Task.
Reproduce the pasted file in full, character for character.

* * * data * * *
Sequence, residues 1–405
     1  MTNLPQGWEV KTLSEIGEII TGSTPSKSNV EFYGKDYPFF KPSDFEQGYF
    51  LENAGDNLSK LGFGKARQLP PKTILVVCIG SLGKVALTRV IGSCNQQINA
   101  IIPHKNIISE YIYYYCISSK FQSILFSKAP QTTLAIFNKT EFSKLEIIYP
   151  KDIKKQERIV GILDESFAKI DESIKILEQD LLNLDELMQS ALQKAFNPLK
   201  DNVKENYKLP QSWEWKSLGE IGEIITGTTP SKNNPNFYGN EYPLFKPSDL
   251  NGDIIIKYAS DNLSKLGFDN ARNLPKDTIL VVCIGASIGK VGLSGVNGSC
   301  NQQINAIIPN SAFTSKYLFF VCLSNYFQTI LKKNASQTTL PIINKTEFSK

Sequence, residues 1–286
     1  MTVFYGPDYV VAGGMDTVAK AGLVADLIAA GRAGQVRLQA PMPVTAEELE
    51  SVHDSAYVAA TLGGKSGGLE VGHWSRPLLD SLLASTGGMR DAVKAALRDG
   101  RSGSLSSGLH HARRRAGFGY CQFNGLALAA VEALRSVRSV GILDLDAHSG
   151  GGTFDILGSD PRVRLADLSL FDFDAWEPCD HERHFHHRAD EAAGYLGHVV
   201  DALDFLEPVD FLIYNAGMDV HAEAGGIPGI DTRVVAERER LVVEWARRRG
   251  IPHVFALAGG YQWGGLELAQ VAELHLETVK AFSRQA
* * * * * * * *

Sequence, residues 1–405
     1  MTNLPQGWEV KTLSEIGEII TGSTPSKSNV EFYGKDYPFF KPSDFEQGYF
    51  LENAGDNLSK LGFGKARQLP PKTILVVCIG SLGKVALTRV IGSCNQQINA
   101  IIPHKNIISE YIYYYCISSK FQSILFSKAP QTTLAIFNKT EFSKLEIIYP
   151  KDIKKQERIV GILDESFAKI DESIKILEQD LLNLDELMQS ALQKAFNPLK
   201  DNVKENYKLP QSWEWKSLGE IGEIITGTTP SKNNPNFYGN EYPLFKPSDL
   251  NGDIIIKYAS DNLSKLGFDN ARNLPKDTIL VVCIGASIGK VGLSGVNGSC
   301  NQQINAIIPN SAFTSKYLFF VCLSNYFQTI LKKNASQTTL PIINKTEFSK

Sequence, residues 1–286
     1  MTVFYGPDYV VAGGMDTVAK AGLVADLIAA GRAGQVRLQA PMPVTAEELE
    51  SVHDSAYVAA TLGGKSGGLE VGHWSRPLLD SLLASTGGMR DAVKAALRDG
   101  RSGSLSSGLH HARRRAGFGY CQFNGLALAA VEALRSVRSV GILDLDAHSG
   151  GGTFDILGSD PRVRLADLSL FDFDAWEPCD HERHFHHRAD EAAGYLGHVV
   201  DALDFLEPVD FLIYNAGMDV HAEAGGIPGI DTRVVAERER LVVEWARRRG
   251  IPHVFALAGG YQWGGLELAQ VAELHLETVK AFSRQA